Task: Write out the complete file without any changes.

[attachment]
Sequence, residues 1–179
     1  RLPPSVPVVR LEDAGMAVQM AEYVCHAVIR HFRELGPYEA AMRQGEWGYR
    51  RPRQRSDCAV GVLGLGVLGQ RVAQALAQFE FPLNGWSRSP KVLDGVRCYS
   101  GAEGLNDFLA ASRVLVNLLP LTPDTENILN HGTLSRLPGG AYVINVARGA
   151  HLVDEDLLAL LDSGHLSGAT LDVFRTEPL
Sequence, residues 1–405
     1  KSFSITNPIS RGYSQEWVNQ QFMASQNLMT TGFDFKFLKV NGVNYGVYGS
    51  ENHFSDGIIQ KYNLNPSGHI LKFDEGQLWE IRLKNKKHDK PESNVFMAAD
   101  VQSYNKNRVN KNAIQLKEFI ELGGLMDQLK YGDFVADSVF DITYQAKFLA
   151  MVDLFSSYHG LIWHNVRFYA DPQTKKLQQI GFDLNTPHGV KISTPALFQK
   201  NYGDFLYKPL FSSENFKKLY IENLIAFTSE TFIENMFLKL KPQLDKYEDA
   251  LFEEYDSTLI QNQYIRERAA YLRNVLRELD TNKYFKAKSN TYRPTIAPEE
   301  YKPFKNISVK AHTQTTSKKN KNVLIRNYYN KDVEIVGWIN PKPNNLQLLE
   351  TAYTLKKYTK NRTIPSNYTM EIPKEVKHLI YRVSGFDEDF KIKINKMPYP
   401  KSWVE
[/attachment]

Sequence, residues 1–179
     1  RLPPSVPVVR LEDAGMAVQM AEYVCHAVIR HFRELGPYEA AMRQGEWGYR
    51  RPRQRSDCAV GVLGLGVLGQ RVAQALAQFE FPLNGWSRSP KVLDGVRCYS
   101  GAEGLNDFLA ASRVLVNLLP LTPDTENILN HGTLSRLPGG AYVINVARGA
   151  HLVDEDLLAL LDSGHLSGAT LDVFRTEPL
Sequence, residues 1–405
     1  KSFSITNPIS RGYSQEWVNQ QFMASQNLMT TGFDFKFLKV NGVNYGVYGS
    51  ENHFSDGIIQ KYNLNPSGHI LKFDEGQLWE IRLKNKKHDK PESNVFMAAD
   101  VQSYNKNRVN KNAIQLKEFI ELGGLMDQLK YGDFVADSVF DITYQAKFLA
   151  MVDLFSSYHG LIWHNVRFYA DPQTKKLQQI GFDLNTPHGV KISTPALFQK
   201  NYGDFLYKPL FSSENFKKLY IENLIAFTSE TFIENMFLKL KPQLDKYEDA
   251  LFEEYDSTLI QNQYIRERAA YLRNVLRELD TNKYFKAKSN TYRPTIAPEE
   301  YKPFKNISVK AHTQTTSKKN KNVLIRNYYN KDVEIVGWIN PKPNNLQLLE
   351  TAYTLKKYTK NRTIPSNYTM EIPKEVKHLI YRVSGFDEDF KIKINKMPYP
   401  KSWVE